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Unread postAuthor: psycix » Wed Feb 06, 2008 6:34 am

Im happy im grown all up with metric :)
No need to convert for a calculation.
On the other hand it was a bit of getting used to imperial when I encountered spudding on the internet.

Btw, do you guys convert your numbers by hand?
Google can do it for you!
Just type in something like "8,45 bar -> psi"
and google will tell you:
"8,45 bar = 122,556888 pounds per square inch"
This is also possible for "inch -> cm", "feet/s -> m/s" or "feet pound -> joule or anything else.

note: google cant recognize 2" as 2 inch, write down inch as a whole word.
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Unread postAuthor: Ragnarok » Wed Feb 06, 2008 7:54 am

psycix wrote:Btw, do you guys convert your numbers by hand?

Yup, because it's quicker doing it with a calculator - you don't need to mess around with typing in the names of the units like you do on Google. About the only thing I use Google converter for is finding out a conversion the first time I need it, after that, it won't see use again. And often, as you're converting to use in another calculation, it's easier if the number is already in your calculator.
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Unread postAuthor: psycix » Wed Feb 06, 2008 11:17 am

Good reason :)
But Im always too lazy to write down the conversion factor and always have to look it up, so then why not also calculate it at once then.
But your method is faster then.
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Unread postAuthor: jimmy101 » Wed Feb 06, 2008 4:41 pm

Ragnarok wrote:
jimmy101 wrote:Your approach is a very clever way to get an estimate of the pressure in a combustion gun.

My greatest concern is that the ball valve will greatly limit the performance of the pneumatic, so he's going to need a higher pressure than the combustion is actually developing to equal it.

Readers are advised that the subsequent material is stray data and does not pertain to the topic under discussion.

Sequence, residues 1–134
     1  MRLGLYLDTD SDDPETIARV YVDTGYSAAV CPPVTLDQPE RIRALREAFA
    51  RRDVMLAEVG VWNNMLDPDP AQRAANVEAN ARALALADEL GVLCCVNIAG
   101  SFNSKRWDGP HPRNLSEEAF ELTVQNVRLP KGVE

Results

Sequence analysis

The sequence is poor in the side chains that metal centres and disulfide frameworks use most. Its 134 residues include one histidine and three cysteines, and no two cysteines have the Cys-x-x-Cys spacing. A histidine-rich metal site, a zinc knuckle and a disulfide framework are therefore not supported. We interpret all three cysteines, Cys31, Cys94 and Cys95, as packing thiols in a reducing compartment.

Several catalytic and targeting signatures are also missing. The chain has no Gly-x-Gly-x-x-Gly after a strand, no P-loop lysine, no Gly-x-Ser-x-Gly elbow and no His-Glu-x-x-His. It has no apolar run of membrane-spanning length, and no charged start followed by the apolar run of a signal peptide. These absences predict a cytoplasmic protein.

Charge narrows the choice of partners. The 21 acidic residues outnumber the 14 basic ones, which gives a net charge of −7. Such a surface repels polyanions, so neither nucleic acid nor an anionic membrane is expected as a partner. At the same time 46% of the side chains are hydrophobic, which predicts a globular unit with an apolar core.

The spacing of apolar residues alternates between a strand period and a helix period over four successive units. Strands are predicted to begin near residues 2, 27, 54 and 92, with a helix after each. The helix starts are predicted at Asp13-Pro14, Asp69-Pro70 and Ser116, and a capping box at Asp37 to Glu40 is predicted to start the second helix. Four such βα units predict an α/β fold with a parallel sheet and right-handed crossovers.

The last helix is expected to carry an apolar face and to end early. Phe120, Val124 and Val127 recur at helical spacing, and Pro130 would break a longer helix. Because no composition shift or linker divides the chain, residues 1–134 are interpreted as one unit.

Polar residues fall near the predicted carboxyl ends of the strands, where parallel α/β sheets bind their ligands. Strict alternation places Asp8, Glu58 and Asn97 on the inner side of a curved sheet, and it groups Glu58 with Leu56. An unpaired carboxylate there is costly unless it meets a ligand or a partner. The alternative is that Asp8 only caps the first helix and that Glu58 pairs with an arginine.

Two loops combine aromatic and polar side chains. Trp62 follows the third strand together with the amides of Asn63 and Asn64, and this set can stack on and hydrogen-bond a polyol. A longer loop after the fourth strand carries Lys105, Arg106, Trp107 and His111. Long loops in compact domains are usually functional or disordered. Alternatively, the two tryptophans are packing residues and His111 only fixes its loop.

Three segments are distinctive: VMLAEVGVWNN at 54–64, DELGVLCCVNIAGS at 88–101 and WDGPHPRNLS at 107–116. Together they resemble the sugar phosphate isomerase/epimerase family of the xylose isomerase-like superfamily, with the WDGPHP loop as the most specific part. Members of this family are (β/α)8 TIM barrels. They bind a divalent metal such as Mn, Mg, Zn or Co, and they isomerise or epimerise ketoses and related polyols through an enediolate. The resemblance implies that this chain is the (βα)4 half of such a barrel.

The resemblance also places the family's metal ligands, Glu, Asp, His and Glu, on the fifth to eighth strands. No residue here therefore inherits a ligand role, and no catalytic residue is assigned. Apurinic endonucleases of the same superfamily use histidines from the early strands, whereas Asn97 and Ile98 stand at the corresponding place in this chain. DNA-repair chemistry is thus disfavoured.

That's a fair point. But, like I said, it is only an estimate.

Ragnarok wrote:The other slight concern is the higher speed of sound in a combustion means also that it's more "pressure efficent" if you can see what I mean - for the same average pressure, you'll get slightly more performance. Much like a helium pneumatic will beat an air one, which will beat a CO2 one, even if they all use the same pressure, at just about any velocity.

On the other hand, the combustion loses a LOT of energy as heat lost to the chamber walls. Pneumatics don't have this problem. (Indeed, a pneumatic probably gains a bit of energy as heat transfer from the gun walls.) I would say that a combustion is much much less "pressure efficient" than a typical pneumatic gun because of the heat loss issues. A combustion gun really should hit an average pressure near 60 PSIG (half the theoretical max pressure for a CB 1 gun), I believe it is the heat loss that keeps the average pressure down near 30 PSIG.

Ragnarok wrote:I normally reckon on the average pressure in a combustion of a sensible ratio being around 2 bar, or 30 psi, if I'm doing a rough mental calculation.


Yep, that is about what I calculated a couple years ago for typical combustion guns. Average pressure ~30 PSIG, peak pressure ~60 PSIG. That is roughly equivalent to a pneumatic charged to 60 PSIG with a CB of 1. The pneumatics average pressure would also be 30 PSIG if charged to 60 PSIG. Of course, really should calculate using absolute pressures then subtract out 1 ATM but it is close enough. Besides, the combustion gun looses a lot of energy as heat loss, the pneumatic actually probably gains a bit of performance from heat gain as it is fired.
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Unread postAuthor: Ragnarok » Wed Feb 06, 2008 7:10 pm

Ah, I wondered if I'd been a bit ambiguous.

When I was talking about pressure efficiency, I'm just talking about in two cannons with the same static pressure curve in the barrel over time, the one with higher temperature gas will perform better, because the particles are moving faster.

In air, the particles do around 500 m/s, so while it may exert a unit of force on a stationary object in the barrel, if that same pressure is trying to push something doing 250 m/s, because the pressure is proportional to the square of the relative particle speed, it will only give 25% of the force.